In my home, the Christmas music goes on as soon as the calendar hits November. Since I also love a good story, I decided to blend my two loves and search out the tales behind the carols. There are so many canonical Christmas songs that I couldn’t decide where to start, so I began by asking my mother.
O Holy Night
“O Holy Night,” she answered. “But I don’t know. It may not have a very interesting history….”
Truly He taught us to love one another . . .
And in his name all oppression shall cease
Commissioned for and later banned by the Catholic Church, “O Holy Night” has a history worth sharing. In 1843 Placide Cappeau penned the poem “Minuit, chrétiens” (“Midnight, Christians”) at the behest of the parish priest of Roquemaure, France, who wished to commemorate a newly renovated church organ. The poem was so well liked that Cappeau asked his composer friend Adolphe Adam to put it to music. Adam did, and the carol “Cantique de Noël” was sung for the first time at Midnight Mass in 1847.
When it came out that Cappeau was an atheist and Adam was of Jewish descent, church leadership scrubbed the song from Catholic liturgy. But the people of France kept singing it, and a few years later, in 1855, “O Holy Night” debuted in the United States. John Sullivan Dwight—minister, music journalist, Transcendentalist, and abolitionist—was the translator. The song grew in popularity, and on December 24, 1906, “O Holy Night” became the first song to hit the airwaves when it was broadcast using novel technology and reached a handful of receivers on ships and in newspaper offices.
The story goes that the singing of “Cantique de Noël” by French soldiers on Christmas Eve of 1870 put a temporary stop to fighting during the Franco-Prussian War, and the two sides ceased fire to observe 24 hours of peace. It seems that “O Holy Night,” written as a song of equality and love for others, has lived up to its intent. My mother chose well!
I’ll Be Home for Christmas
When I launched an online poll asking for Christmas carol favorites, “I’ll Be Home for Christmas” came up more than any other. Its history lends even more potency to its lyrics. Introduced in 1943 during World War II, this song was written and composed by Kim Gannon and Walter Kent to voice the thoughts of thousands of soldiers stationed overseas during their Christmas holiday.
You can count on me
I’ll be home for Christmas
If only in my dreams
At first no one in the music business wanted to record the song, because the last line was deemed too sad for soldiers and families separated by war. Eventually, Bing Crosby agreed to record it after Gannon sang it for him during a golf game. It became the most requested song at Christmas U.S.O. shows and today is a definite Christmas favorite.
Do You Hear What I Hear
“Do You Hear What I Hear” took me by surprise when it popped up in my song poll. I like the tune, but I had always assumed it was an old song written for the church. I was wrong!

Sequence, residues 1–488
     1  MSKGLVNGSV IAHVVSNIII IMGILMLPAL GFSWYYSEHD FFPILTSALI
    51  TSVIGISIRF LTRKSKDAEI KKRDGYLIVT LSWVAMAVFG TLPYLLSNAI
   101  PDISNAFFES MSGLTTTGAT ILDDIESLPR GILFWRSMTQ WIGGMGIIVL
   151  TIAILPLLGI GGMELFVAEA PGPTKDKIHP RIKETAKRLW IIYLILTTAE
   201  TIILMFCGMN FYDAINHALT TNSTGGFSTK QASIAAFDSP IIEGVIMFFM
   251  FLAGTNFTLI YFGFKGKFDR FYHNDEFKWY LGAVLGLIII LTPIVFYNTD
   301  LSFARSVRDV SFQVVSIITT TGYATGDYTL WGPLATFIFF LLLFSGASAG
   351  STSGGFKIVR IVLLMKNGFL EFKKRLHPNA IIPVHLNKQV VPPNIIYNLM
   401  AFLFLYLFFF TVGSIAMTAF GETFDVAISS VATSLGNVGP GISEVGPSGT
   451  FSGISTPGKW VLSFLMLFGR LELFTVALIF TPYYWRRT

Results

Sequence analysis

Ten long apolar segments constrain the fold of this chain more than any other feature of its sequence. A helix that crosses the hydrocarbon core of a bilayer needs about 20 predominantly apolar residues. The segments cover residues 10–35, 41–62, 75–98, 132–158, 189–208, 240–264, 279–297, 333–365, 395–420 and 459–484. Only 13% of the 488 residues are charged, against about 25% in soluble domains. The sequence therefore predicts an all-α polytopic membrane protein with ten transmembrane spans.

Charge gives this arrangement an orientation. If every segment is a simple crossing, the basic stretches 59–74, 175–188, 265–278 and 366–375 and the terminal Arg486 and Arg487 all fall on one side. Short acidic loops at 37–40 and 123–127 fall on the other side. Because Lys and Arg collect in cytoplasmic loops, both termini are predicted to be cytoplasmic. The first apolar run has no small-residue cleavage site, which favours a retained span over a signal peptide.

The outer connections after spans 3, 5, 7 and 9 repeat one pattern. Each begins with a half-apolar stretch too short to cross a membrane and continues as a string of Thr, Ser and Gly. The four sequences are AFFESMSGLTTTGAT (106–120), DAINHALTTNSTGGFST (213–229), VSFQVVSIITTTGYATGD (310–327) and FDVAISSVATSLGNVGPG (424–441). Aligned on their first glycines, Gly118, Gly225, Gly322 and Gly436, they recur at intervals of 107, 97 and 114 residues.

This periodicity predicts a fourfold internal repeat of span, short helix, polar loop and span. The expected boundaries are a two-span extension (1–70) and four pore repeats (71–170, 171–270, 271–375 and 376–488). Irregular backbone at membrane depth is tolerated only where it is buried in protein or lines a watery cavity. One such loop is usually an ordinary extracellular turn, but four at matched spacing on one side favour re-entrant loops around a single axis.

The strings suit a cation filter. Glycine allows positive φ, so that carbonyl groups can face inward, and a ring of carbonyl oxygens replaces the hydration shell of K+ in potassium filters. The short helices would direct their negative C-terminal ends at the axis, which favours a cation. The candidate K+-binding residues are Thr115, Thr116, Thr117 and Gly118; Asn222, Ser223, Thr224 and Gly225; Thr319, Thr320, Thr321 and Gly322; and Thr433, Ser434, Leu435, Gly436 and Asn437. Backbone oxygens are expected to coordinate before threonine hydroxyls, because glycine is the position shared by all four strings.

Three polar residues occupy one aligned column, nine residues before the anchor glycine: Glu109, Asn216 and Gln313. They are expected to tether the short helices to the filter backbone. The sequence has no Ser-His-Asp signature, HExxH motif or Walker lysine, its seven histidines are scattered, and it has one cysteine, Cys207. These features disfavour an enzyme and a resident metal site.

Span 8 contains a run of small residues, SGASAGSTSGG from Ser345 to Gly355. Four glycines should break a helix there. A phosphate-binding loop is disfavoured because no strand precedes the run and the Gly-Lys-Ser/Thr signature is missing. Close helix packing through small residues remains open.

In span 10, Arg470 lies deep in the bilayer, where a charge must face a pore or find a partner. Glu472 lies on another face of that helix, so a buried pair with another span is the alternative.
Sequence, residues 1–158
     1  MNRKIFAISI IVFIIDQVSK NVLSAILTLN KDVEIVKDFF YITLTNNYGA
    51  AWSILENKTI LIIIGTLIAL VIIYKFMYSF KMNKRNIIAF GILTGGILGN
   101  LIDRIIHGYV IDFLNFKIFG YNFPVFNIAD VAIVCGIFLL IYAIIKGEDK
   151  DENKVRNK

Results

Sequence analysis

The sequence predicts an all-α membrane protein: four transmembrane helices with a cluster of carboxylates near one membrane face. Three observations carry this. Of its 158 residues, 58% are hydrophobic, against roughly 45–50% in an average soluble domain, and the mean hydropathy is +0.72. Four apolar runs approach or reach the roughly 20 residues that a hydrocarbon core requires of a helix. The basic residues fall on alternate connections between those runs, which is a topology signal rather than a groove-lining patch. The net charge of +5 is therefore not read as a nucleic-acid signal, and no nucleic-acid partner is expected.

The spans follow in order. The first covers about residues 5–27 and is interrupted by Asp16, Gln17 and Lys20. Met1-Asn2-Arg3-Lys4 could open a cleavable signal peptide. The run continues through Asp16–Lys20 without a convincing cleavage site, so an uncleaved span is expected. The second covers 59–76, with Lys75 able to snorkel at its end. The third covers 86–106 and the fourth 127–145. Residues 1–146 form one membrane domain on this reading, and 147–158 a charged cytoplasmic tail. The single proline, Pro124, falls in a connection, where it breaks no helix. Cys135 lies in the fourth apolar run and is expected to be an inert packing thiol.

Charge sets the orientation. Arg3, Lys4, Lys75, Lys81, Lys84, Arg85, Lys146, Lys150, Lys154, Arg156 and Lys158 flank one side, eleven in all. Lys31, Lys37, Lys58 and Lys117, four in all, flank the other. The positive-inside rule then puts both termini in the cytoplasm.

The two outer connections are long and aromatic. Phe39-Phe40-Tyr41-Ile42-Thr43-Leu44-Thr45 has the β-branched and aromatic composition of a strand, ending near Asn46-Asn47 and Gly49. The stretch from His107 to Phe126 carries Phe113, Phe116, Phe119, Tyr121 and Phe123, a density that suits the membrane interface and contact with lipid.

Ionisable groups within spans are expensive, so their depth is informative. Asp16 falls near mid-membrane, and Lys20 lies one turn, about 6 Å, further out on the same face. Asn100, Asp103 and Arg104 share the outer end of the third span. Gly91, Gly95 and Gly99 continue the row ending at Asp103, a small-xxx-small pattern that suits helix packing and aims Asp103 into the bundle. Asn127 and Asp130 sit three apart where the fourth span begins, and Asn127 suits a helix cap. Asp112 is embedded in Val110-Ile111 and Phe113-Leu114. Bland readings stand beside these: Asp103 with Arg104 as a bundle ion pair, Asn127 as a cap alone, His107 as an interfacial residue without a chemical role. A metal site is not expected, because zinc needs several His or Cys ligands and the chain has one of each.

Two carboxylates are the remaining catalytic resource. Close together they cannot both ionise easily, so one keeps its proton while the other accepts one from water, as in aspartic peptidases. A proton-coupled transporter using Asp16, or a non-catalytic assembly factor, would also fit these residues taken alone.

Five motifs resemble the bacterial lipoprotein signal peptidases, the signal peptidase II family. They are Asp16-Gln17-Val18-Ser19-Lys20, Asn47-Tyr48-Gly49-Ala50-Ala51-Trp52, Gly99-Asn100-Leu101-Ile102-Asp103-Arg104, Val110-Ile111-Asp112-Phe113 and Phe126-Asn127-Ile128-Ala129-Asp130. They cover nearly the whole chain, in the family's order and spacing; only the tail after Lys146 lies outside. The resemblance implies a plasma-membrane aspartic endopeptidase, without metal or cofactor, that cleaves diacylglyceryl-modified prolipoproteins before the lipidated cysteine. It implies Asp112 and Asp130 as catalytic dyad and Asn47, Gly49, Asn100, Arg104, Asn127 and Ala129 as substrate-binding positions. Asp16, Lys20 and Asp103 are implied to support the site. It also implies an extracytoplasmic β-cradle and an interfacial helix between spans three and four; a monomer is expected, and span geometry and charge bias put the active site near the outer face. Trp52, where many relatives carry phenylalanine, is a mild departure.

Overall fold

“Do You Hear What I Hear” was written by Noël Regney and composed by Gloria Shayne in 1962, and it was written in reaction to the Cold War.
Said the king to the people everywhere
Listen to what I say
Pray for peace people everywhere
The opening line, “Said the night wind to the little lamb,” came to Regney while he was driving through New York City. Nuclear buildup between the United States and the Soviet Union had just escalated into the Cuban Missile Crisis, and that day the French-born Regney was thinking of his horrifying days as a drafted German soldier in World War II. Despairing at the thought of having to witness battle and death all over again, he looked out his car window to see two toddlers riding in strollers on the sidewalk. The two were happy and smiling, oblivious to nuclear threat. The sight brought the entire lyrics of “Do You Hear What I Hear” into being and gave hope to its author.
“Silent Night,” which was declared an intangible cultural heritage by UNESCO in 2011, is my personal favorite Christmas carol. At one time, people claimed the song was written by Haydn, Mozart, or Beethoven. But today it is known that Joseph Mohr, an assistant priest at St. Nicholas Church in Oberndorf, Austria, wrote the famous words after going for a late walk and taking in views of a small, still town slumbering in winter splendor. The Napoleonic Wars had just ended, and Mohr was struck by a sense of peace.
All is calm / all is bright
He asked Franz Xaver Gruber, the organist and choirmaster at St. Nicholas Church, to put his poem to music, and in 1818 the carol “Stille Nacht! Heilige Nacht” was performed at Christmas Eve mass for the first time ever.
I hope that when you turn on the Christmas music this year (if you haven’t already), this bit of history brings new depths to songs that, if you’re like me, you already know by heart. And I hope that you, as the old song goes, have yourself a merry little Christmas!